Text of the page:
Actually, I really do see these as excuses. I was once paid to write stories and interview well-meaning people who worked in many organizations, including planning bodies. I can assure you, there is a good and logical reason to prevent change for just about any good idea that emerges because it doesn’t conform to (fill in the blank). Actually, I am not “bitching,” as you suggest. I’m suggesting that one has to look beyond what comes out of people’s mouth and have a vision, which is what I see demonstrated by this exercise and by Rotterdam. And if you want, I’ll give you stats galore on why the “gold standard” will save lives, and dollars, too. In the U.S. a pedestrian is 23 times more likely to be killed than car occupants, and bikers 12 times more likely. On a per-kilometer/per-trip basis, U.S. walkers were three times more likely to get killed than German walkers, and six times more likely than Dutch pedestrians. So long as we don’t embrace a vision for healthier and more radical change, we’ll be happy accepting excuses. (Source: Pucher J, Dijkstra L. Promoting safe walking and cycling to improve public health: lessons from the Netherlands and Germany. American Journal of Public Health. 2003; 93:1509 –1516.)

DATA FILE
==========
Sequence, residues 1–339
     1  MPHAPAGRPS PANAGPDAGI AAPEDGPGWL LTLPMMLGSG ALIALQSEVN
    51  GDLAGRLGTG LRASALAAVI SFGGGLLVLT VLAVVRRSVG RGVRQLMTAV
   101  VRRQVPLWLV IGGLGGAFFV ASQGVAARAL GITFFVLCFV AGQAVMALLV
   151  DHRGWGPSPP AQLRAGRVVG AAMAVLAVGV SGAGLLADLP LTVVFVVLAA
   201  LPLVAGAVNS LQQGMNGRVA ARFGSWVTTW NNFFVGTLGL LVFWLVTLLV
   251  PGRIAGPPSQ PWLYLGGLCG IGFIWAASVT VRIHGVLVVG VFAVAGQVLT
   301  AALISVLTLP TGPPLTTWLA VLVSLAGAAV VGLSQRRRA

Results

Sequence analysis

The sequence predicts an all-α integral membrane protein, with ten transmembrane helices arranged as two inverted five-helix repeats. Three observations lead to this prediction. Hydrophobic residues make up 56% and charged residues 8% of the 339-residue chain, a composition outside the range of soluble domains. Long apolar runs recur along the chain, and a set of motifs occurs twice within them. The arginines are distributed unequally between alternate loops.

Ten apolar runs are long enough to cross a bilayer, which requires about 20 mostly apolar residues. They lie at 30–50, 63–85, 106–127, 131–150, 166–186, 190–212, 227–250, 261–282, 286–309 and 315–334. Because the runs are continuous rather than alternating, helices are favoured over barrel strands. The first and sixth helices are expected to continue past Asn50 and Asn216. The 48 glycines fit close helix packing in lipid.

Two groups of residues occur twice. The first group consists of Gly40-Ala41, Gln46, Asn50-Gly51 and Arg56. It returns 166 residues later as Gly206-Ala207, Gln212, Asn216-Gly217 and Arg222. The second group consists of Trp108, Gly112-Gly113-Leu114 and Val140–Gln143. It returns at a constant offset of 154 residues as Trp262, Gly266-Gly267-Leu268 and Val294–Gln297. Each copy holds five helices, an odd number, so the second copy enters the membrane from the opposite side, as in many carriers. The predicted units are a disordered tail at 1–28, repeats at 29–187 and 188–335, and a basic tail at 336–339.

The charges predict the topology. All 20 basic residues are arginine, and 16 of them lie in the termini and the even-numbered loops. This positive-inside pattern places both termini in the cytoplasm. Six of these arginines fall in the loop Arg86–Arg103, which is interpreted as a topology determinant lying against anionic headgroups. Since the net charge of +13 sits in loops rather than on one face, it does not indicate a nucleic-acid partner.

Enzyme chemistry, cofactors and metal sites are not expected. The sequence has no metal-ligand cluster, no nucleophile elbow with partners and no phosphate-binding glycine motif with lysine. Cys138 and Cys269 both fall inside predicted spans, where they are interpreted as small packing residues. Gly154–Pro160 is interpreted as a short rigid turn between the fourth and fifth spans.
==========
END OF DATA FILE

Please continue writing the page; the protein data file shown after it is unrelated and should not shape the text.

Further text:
26. SpandexRanger

    make them 18″ high so they are well below handlebar height. Additionally, could equip the first and every 10th one thereafter with a low cost blinking solar* powered light. (*anywhere but Seattle)

  27. Rob

    What a fabulous idea. We need more guerrilla bike infrastructure. Seattle moves way too slowly. Just do something and see if it works!

    John has a point that the poles can be dangerous in several different circumstances, while the photos of before and after speak for themselves about how cars will be less likely to clip bikes. A simple starting point is to put up the poles on right-hand bends in roads where cars are likely to drift into the bike lane as they cut the corner of the road. I ride southbound Eastlake near ZymoGenetics every day. There is a very dangerous bend at the bottom of the hill that could sorely use these poles. On many days I am dangerously squeezed towards parked cars on my right by traffic on my left cutting the corner.